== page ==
The crew of a Jetstar Airbus A320 with undercarriage retraction issues landed at Sydney Airport unaware that an apex pin was missing from the main landing gear.
The incident occurred on the morning of 1 August 2019 as aircraft VH-VFN (MSN5566) took off on a flight for Gold Coast, according a final investigation report issued by the Australian Transport Safety Bureau (ATSB).
After departing, the crew received multiple warnings that the undercarriage was not retracting completely. The issue remained even after attempting to extend and retract the undercarriage.
Meanwhile, an aircraft part was collected on the ground at Sydney Airport, and was subsequently identified as an A320 main landing gear component.
While Jetstar told the crew that an aircraft part had been found, it said that its origin had not been ascertained. The crew was left to conduct checks, and decided to return to Sydney.
“When it was determined the part was an apex pin of a main landing gear torque link, Jetstar Line Maintenance was concerned about the aircraft landing with the defect and attempted to contact the aircraft via radio,” says ATSB.
“However, by this time the aircraft was on final approach to land and therefore not monitoring the company radio frequency. While the landing was uneventful, further damage to the left main landing gear occurred including the loss of brakes and severing of electrical sensors.”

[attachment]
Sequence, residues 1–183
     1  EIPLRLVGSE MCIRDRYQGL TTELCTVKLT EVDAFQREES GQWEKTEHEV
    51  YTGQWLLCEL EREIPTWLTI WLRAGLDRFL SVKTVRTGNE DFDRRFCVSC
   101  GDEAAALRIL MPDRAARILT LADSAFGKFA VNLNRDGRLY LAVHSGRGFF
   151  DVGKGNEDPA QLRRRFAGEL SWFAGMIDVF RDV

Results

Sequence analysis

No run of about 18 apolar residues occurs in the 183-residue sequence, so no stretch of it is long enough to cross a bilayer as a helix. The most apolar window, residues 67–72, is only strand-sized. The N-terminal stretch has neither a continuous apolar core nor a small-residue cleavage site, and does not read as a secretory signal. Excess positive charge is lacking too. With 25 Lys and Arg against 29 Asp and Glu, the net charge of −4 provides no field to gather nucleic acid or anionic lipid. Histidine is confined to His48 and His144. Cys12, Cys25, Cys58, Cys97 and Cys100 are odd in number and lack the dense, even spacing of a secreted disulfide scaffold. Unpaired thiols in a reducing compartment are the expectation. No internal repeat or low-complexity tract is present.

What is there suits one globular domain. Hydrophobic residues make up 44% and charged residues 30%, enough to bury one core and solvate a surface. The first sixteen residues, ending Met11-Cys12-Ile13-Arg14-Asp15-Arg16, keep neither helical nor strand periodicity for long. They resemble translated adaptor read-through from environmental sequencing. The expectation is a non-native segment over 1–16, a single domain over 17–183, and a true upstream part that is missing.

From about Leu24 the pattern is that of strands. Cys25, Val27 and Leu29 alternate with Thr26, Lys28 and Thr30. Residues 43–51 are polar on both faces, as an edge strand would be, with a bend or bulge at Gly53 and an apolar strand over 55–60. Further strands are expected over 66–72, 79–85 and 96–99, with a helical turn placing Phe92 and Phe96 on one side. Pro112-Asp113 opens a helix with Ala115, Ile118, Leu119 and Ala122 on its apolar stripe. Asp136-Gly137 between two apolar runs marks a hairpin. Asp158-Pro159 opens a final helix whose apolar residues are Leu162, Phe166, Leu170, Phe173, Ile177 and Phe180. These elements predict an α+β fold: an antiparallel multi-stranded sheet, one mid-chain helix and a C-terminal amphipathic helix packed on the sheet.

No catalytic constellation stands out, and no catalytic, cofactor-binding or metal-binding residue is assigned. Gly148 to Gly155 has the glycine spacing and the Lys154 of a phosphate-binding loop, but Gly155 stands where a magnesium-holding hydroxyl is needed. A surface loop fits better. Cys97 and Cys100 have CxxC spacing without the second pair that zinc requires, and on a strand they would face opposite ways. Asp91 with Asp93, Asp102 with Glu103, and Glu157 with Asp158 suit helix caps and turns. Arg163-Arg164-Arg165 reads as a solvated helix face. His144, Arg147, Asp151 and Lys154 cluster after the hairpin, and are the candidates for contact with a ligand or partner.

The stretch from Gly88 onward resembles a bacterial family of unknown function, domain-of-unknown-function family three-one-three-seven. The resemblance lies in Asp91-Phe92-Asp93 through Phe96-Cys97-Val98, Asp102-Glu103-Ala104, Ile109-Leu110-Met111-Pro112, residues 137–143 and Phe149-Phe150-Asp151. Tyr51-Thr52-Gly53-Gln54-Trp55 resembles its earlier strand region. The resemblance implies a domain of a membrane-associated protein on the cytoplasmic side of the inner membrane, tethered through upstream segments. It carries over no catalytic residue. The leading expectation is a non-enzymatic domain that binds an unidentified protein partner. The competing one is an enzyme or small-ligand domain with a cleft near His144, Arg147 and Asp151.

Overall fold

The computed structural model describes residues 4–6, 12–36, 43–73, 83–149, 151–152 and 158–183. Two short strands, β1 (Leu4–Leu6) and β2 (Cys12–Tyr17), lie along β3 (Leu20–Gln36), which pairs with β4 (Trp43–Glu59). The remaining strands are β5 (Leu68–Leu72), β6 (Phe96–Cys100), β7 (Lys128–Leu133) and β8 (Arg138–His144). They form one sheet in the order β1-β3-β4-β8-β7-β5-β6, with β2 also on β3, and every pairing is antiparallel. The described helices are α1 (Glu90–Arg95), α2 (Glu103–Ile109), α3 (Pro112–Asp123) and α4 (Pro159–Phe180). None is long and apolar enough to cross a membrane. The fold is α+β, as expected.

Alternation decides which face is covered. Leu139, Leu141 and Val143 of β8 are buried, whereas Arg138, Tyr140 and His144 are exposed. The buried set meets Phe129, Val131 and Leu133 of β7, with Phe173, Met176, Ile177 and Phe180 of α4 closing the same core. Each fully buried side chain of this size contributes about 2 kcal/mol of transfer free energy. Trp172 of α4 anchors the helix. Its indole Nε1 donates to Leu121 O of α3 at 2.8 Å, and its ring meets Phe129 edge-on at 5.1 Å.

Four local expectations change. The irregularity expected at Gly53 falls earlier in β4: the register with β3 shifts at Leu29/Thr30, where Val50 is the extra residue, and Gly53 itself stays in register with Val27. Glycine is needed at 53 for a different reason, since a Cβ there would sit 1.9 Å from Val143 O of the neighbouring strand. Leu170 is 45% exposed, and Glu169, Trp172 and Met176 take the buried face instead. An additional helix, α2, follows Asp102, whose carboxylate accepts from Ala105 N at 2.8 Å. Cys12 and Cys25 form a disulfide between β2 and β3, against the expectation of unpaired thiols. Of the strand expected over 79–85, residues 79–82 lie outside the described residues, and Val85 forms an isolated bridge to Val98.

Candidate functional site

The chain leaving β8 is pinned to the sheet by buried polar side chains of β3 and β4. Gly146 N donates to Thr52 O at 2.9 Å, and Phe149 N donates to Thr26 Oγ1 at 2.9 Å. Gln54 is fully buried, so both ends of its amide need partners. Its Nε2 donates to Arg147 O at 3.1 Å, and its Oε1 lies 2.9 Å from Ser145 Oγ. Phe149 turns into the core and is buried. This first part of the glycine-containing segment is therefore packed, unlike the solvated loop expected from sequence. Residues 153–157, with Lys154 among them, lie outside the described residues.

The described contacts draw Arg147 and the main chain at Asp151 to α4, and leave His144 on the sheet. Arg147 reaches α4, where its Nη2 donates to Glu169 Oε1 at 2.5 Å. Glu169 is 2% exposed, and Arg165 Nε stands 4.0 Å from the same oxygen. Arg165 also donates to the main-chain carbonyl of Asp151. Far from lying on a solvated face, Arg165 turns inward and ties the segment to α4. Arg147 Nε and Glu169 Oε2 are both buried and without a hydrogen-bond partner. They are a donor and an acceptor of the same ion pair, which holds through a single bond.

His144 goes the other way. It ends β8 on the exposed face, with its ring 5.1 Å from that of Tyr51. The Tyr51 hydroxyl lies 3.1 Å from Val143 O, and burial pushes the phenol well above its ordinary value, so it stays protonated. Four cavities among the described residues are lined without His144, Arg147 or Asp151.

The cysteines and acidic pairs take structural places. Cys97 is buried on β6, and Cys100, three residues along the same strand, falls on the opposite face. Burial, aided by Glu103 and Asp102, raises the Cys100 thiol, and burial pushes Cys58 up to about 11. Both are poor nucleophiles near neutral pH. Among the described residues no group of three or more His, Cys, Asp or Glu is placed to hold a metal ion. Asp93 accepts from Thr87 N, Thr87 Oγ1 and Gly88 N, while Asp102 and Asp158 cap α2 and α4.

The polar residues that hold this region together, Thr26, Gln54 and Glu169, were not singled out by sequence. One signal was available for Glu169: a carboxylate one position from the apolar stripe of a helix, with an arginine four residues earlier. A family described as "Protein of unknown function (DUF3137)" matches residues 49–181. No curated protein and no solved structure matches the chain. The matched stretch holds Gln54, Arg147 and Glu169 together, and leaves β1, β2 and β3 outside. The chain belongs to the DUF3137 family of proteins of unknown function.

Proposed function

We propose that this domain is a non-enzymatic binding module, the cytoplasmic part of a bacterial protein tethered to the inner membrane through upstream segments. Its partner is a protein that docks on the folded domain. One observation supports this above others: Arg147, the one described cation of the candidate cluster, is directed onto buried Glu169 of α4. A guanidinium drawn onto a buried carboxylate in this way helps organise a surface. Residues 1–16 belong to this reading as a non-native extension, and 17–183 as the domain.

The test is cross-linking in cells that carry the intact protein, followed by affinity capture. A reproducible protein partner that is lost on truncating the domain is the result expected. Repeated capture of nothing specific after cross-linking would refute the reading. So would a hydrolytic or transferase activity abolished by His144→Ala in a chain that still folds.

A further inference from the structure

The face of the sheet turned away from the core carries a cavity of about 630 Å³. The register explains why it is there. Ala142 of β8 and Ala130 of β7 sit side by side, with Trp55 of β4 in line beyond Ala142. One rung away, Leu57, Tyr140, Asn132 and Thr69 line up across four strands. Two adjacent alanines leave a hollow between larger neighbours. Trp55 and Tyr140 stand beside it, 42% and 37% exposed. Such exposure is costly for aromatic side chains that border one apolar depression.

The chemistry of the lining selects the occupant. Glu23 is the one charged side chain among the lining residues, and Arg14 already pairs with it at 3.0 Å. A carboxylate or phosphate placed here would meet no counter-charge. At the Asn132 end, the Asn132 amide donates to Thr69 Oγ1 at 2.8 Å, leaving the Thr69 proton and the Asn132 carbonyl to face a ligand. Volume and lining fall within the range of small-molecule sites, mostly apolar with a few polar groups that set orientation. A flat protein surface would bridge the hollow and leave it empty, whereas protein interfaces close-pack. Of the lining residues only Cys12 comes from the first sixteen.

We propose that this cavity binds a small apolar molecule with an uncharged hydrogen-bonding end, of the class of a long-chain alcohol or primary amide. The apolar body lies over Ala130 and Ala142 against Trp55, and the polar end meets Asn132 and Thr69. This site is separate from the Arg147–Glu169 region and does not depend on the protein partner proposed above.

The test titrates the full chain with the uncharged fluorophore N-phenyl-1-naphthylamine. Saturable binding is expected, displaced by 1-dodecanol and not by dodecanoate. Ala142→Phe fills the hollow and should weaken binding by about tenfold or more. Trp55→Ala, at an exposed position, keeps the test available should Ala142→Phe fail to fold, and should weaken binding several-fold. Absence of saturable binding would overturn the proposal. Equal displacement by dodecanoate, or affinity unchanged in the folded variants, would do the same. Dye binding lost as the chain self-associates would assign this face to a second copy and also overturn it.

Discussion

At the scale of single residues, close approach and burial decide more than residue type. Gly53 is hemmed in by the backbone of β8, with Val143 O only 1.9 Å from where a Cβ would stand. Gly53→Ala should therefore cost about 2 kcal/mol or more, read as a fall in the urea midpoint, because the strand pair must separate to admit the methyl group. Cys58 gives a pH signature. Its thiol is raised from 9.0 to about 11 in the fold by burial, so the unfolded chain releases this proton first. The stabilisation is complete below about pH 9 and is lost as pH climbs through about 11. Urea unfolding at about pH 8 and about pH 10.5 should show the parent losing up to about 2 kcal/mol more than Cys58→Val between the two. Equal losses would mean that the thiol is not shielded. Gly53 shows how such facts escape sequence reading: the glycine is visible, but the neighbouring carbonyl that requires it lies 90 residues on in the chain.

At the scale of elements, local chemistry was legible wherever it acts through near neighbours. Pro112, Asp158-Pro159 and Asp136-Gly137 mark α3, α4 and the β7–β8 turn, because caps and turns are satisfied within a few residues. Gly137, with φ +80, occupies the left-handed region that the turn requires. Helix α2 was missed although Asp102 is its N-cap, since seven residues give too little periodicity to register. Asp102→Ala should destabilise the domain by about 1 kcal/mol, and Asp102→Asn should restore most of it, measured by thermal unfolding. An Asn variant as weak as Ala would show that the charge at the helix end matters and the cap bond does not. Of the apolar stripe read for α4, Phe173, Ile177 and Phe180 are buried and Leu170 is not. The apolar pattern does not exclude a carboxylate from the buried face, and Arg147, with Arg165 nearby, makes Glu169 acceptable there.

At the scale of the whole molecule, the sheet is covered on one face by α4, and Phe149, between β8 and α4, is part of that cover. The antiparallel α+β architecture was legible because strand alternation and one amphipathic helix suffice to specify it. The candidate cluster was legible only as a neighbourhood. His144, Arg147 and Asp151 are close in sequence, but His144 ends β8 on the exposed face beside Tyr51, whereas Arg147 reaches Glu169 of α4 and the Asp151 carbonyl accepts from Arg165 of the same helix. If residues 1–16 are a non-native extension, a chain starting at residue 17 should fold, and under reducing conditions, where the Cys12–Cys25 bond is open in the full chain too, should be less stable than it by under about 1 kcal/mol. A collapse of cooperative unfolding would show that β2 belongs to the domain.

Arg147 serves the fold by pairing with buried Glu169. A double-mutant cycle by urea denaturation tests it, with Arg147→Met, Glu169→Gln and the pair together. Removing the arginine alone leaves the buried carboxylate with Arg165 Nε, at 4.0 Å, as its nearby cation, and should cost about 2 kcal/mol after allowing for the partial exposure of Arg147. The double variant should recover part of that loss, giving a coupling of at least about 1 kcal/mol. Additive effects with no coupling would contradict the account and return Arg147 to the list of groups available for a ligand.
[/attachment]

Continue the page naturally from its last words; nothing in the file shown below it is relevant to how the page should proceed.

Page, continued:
The crew landed without being aware that the apex pin was from their aircraft. Having this knowledge, says ATSB, might have affected their decision making.
It was later ascertained that a crack in the apex pin had caused it to drop out.
Following the incident, Airbus issued an airworthiness directive calling for the inspection of 1,988 apex pins, which resulted in 19 being removed from service. Landing gear manufacturer Safran Landing Systems also revised the manufacturing process for the apex pin.
The ATSB adds that Jetstar also took action to improve non-normal communications.
“Jetstar clarified non-normal operational communication guidance for ground crews in the Airport Operations Manual,” says the agency.
“This included dedicated phraseology for gaining priority on airband frequencies to relay high priority messages.”
There were six crew and 160 passengers aboard the flight. None suffered injuries during the incident.